Where geek meets bully on the world’s stage

President Bush needs to secure the United States’ economic future with a bold appointment to the Federal Reserve.

by Darren Bernard

If President George W. Bush really nominated a “pit bull in size six shoes” to the Supreme Court, he should appoint a 1,200-pound grizzly to be the next Federal Reserve Chairman.

After 18 years under the divine hand of Alan Greenspan, it is difficult to imagine an outspoken, confrontational frontman for the Fed. But with the soft-spoken Greenspan stepping down in January, Bush does not need someone simply with the academic credentials and practical experience to hold up the U.S. financial system; he needs someone who will push, prod and punt isolationist Americans into the new, free-flowing global economy. In three words, he needs a very smart bully.

Of course, the bright man he is, Greenspan has been trying to tell stubborn Americans that free trade – including its companion, offshore outsourcing – is as good for the U.S. economy as it is inevitable. In one of many instances, when former White House Council of Economic Advisers chairman Gregory Mankiw gave Capitol Hill a collective coronary by claiming outsourcing is “a good thing” back in February 2004, it was Greenspan who came to the rescue. “Our economy is best served by full and vigorous engagement in the global economy,” Greenspan carefully said days later. “Protectionist cures Ö will make matters worse rather than better.”

Fortunately, all the names being tossed around for Greenspan’s position – like former Fed board member Ben Bernanke, Glenn Hubbard, Bush’s first chairman for the White House Council of Economic Advisers, and long-time Harvard economics guru Martin Feldstein – are each highly qualified and, like almost all other economists, unabashedly pro-free trade. The key now is finding the one with the gaucherie and good sense to step up to a microphone and tell U.S. citizens and their representatives in Congress, “I love outsourcing. Now what’s the huff about?”

The saddest part of the free trade debate is that we have allowed it to go on for two and a half centuries. In fact, the only real difference between Scottish economist Adam Smith and English economist David Ricardo in the late 1700s and U.S. economists now, is that now we have the numbers to prove free trade makes for greater international prosperity.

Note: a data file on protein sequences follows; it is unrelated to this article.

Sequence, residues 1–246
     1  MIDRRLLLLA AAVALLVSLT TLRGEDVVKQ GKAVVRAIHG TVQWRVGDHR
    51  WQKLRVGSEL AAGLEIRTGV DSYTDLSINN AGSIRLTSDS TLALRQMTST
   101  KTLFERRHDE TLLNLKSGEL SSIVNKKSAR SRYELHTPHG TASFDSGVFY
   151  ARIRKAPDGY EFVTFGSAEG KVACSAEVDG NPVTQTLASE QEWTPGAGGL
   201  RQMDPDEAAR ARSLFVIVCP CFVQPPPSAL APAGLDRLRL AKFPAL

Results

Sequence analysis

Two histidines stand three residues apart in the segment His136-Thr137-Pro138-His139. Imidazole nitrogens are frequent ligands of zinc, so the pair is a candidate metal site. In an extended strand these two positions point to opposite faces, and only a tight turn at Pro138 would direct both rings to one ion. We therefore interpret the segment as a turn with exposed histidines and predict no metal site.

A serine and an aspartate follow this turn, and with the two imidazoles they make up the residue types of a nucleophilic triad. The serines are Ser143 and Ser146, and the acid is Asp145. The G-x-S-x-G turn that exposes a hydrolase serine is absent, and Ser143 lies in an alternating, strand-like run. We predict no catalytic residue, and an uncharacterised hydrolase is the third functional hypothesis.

The private consulting firm Global Insight released a study in March 2004 that claimed, among other things, that overall U.S. employment, wages, productivity and U.S. gross domestic product have all significantly grown because of corporate offshore outsourcing. The Institute for International Economics recently concluded that globalized computer component manufacturing has fueled a 10 percent to 30 percent price decline in computer hardware.

More broadly, the McKinsey Global Institute, a nonpartisan economics think tank, has made the shocking conclusion, “for every $1 outsourced, the economic gain to the United States as a whole is $1.12 to $1.14.”

Of course, this is not to say everyone benefits equally from global trade. As Pulitzer Prize-winning author and columnist Thomas Friedman argues at length in his new book, “The World is Flat,” that the nonservice, blue-collar worker – the quondam life blood of the U.S. economy – is the person who should be concerned about free trade and outsourcing.

Compared with 30 years ago, there are another three billion people today who are ready to do hard labor work for U.S. corporations – and at lower wages, in worse working conditions and with fewer rights than U.S. workers. “Those American low-skilled workers doing fungible jobs – jobs that can easily be moved to China – will have a problem,” Friedman writes. “Their wages are certain to be depressed.”

But the jobs those 3 billion Eastern Europeans, Russians, Chinese and Indian laborers cannot do are the high-paying, knowledge-based ones U.S. firms are scrambling to fill right now, here at home. As companies expand into the new global marketplace, more research and development people, more marketing people, more IT people, and more accounting and finance people are going to be needed from U.S. soil. As much as the poor Chinese farmer wants to be able to take that high-paying research and development job with Nike, he’s probably going to be stuck sewing and patching tennis shoes somewhere near Beijing. For now, that is.

The unpalatable truth is that one day, in the not-too-distant future, that Chinese laborer and all his pals will have the knowledge to take that engineering job, which makes our situation extremely urgent. Today, not tomorrow, Congress needs to implement aggressive new education programs to prepare workers for the new knowledge economy. Now, before it is too late, Bush needs to stress the benefits of free trade and nominate, hand-in-hand with sane Democrats, a respected, nonpartisan leader of the global knowledge economy.

The very real danger is that if U.S. voters (and especially those in politically vital manufacturing states like Michigan, Pennsylvania and Ohio) give their typical knee-jerk reaction to open global markets, and if labor Democrats and social conservatives get their way and throw up huge protectionist policies to keep us in the past, Uncle Sam could soon find himself in a strangely irrelevant position.

Think: Old America.

Darren Bernard welcomes comments at [email protected]